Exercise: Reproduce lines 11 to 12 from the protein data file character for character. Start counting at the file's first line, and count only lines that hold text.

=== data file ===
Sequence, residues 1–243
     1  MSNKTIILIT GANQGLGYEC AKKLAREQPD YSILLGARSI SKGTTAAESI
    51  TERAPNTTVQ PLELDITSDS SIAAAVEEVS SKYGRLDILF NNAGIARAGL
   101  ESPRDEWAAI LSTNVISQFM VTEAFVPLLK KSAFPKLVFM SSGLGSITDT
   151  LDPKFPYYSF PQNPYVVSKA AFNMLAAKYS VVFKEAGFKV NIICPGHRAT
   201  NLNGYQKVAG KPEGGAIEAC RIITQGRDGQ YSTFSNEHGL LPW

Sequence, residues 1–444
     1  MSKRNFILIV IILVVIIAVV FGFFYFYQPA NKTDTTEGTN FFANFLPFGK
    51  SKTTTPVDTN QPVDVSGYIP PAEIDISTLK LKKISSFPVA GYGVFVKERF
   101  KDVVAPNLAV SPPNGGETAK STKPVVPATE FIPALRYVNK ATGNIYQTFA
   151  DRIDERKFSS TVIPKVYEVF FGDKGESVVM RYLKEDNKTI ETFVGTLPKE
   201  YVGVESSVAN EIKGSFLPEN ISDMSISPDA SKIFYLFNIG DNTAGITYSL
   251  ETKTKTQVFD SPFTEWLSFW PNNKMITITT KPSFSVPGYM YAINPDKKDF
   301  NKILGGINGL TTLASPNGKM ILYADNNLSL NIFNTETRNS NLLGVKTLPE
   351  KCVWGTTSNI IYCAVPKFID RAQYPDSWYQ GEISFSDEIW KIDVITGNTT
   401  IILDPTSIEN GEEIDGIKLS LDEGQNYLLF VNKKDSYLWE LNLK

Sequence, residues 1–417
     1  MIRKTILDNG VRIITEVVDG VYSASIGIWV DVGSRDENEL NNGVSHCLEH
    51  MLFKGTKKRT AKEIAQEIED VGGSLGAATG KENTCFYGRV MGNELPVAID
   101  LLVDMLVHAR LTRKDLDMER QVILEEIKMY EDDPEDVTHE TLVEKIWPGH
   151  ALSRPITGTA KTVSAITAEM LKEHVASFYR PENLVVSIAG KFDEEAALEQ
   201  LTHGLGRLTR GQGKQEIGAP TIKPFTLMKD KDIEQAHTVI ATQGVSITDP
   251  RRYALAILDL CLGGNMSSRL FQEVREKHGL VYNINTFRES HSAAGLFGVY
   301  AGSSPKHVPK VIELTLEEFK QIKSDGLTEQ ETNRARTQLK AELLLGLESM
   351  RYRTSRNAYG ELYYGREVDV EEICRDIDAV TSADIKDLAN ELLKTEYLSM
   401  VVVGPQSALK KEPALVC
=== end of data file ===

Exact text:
   151  DRIDERKFSS TVIPKVYEVF FGDKGESVVM RYLKEDNKTI ETFVGTLPKE
   201  YVGVESSVAN EIKGSFLPEN ISDMSISPDA SKIFYLFNIG DNTAGITYSL